Tlingit Chilkat Weaving, ca. 1915

Value (2015) | $8,000 Auction$12,000 Auction

My mother was a lifelong student of, collector of, and eventually a dealer of antiques. She found this, and she was intrigued by it because she looked at the fringe and saw that there was some sort of bark woven into the fringe, so she said, "I think this is probably an authentic old blanket." Fast-forward maybe eight or nine years later, I'd bought my first house, she brought it up to my house. She said, "I think this would look good hung on your wall." Well, we put it, tried it here, tried it there, it didn't work anywhere, so she took it home, put it into a cedar chest, and that's where it's been ever since, since 1985. I remember asking my dad about it, and he told me what she paid for it.

And what was that? What did she pay?


It's quite a find. It is the work of the Natives of the Pacific Northwest Coast-- to be more specific, the Tlingits. It is a weaving tradition that started in the early 1800s. This piece was probably from the 1910, 1920 time period. A person who studies Chilkat blankets extensively could probably tell us who the maker was. Both men and women are involved with the production of these blankets. The men gather the mountain goat which that's woven of, and the women gather the cedarbark.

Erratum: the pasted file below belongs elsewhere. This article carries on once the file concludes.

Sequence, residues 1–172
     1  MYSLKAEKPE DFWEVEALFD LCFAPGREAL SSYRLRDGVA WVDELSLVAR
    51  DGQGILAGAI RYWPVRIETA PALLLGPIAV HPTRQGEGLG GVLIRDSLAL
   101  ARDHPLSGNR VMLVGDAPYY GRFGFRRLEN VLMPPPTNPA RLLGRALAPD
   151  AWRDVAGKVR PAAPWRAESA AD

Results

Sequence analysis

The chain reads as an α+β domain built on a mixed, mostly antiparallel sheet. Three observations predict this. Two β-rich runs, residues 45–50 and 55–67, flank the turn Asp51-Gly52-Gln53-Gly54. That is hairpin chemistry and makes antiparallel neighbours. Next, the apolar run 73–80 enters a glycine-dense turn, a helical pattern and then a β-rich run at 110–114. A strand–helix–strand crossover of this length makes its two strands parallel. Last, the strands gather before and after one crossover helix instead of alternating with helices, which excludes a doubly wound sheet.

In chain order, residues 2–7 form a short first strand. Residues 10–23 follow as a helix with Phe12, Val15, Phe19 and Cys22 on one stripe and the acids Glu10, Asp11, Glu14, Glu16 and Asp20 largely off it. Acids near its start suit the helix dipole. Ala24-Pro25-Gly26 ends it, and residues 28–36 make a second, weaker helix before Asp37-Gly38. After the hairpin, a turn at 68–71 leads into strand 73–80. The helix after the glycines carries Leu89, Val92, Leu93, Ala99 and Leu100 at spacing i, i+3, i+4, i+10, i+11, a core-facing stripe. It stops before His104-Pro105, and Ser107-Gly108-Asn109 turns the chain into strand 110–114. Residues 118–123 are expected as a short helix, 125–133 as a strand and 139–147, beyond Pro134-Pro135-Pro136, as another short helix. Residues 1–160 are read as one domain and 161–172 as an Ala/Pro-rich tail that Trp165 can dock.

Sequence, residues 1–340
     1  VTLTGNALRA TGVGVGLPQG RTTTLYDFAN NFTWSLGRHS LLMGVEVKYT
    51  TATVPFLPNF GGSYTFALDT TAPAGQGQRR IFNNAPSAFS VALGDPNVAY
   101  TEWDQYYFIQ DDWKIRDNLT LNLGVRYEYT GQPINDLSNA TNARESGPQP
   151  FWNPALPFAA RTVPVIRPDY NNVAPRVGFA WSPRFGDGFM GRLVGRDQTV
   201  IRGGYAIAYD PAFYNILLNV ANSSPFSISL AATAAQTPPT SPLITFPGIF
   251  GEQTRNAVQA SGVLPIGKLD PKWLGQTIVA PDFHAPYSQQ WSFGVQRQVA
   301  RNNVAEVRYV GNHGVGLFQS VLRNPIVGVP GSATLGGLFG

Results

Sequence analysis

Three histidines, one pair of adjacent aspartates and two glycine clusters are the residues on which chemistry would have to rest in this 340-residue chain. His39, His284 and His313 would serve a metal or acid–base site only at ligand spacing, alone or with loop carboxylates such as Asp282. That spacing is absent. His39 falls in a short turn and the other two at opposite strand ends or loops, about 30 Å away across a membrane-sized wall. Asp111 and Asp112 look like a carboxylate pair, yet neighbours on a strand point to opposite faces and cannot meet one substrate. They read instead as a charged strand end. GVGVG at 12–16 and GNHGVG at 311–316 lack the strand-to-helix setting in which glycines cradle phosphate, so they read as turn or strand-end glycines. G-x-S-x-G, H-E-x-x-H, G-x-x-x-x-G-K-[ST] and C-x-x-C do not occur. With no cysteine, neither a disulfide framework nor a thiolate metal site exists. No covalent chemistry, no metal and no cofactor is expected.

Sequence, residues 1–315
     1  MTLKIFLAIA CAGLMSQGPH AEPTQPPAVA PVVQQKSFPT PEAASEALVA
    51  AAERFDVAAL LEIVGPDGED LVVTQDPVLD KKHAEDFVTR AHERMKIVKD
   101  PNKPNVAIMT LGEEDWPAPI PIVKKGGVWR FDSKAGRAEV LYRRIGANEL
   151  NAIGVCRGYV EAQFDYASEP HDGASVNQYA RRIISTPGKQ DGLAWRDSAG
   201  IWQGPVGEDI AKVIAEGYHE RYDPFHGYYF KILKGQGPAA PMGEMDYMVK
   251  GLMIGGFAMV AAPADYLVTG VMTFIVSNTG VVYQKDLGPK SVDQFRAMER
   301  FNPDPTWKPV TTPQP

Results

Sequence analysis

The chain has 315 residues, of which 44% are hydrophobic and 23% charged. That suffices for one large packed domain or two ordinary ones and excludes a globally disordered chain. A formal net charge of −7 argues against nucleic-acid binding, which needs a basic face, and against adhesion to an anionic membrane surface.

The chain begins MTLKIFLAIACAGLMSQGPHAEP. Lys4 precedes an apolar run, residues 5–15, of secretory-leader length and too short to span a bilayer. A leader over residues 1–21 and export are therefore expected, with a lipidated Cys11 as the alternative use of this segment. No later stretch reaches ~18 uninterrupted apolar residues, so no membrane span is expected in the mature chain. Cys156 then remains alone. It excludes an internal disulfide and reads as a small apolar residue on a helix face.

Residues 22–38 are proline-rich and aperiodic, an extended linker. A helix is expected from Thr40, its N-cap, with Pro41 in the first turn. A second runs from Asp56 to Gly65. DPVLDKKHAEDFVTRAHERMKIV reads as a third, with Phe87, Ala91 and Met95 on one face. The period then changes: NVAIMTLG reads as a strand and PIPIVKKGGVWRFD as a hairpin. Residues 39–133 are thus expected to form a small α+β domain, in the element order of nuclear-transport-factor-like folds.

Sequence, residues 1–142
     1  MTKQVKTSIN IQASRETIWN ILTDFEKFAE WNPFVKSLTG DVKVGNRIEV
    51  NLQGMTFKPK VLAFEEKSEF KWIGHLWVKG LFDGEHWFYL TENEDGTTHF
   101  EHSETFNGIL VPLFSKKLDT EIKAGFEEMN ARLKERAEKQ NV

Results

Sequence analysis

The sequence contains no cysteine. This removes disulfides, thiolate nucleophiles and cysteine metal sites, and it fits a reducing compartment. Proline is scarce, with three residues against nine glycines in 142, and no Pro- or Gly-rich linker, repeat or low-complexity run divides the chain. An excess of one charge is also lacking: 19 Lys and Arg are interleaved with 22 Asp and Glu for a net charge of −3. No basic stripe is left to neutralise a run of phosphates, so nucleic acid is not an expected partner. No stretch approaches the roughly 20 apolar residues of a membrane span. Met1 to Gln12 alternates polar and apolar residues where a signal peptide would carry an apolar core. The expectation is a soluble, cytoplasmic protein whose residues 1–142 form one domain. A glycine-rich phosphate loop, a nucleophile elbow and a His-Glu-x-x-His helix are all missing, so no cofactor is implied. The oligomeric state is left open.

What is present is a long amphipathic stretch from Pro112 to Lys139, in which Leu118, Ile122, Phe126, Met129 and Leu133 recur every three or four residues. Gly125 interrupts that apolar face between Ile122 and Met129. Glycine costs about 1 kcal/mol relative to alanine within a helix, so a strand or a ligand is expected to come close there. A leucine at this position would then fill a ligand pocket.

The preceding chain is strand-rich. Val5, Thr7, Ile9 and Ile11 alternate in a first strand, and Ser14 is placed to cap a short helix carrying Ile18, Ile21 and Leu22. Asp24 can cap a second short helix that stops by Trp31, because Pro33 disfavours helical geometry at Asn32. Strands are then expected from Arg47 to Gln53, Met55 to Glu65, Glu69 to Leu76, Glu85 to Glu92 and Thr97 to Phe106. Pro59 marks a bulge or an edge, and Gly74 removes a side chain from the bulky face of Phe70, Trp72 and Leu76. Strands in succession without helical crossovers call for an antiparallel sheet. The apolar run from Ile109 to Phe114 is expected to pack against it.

It's cedar bark, yes. It's hung on a horizontal loom, and all the warp fringes hang down. Each clan has a totem-- bear, frog, beaver... Whoever designed this for, whoever it was made for, this is their animal, which appears to be a bear, predominately, broken up and spread on a symmetrical display. They were always very expensive blankets to own and produce. They take up to a year to make. So the nobility of the tribes would own them, and they would dance them. So these would be worn during potlatch ceremonials. The different colors are all natural. The brown is achieved by hemlock and urine. Sometimes you see blue. There might have been blue in this. There's hints of a fugitive color that's faded. The great mystery of this piece is the fact that I don't know why it's seamed down... sort of the middle.

My mother commented on that back when we were discussing it years ago, and she thought maybe that's why it was in the store and priced like it was, because she thought it had been repaired or something.

Why that happened is very unclear to me. It doesn't look like it's trying to conceal damage. It is done with the same materials as the weave itself. So it's a bit of a mystery, and it's not something that would have been necessarily part of the weaving. It's a very, very complicated weaving process. It's really wonderful. And so on today's marketplace, if you were to sell this at auction, any guesses what you think it would bring?

No idea. APRAISER: It would be about $8,000 to $12,000.

(chuckling) Wow, really?


Way to go, Mom!

Appraisal Details

Franklin, TN
Appraised value (2015)
$8,000 Auction$12,000 Auction
Charleston, SC (August 08, 2015)
Tribal Arts

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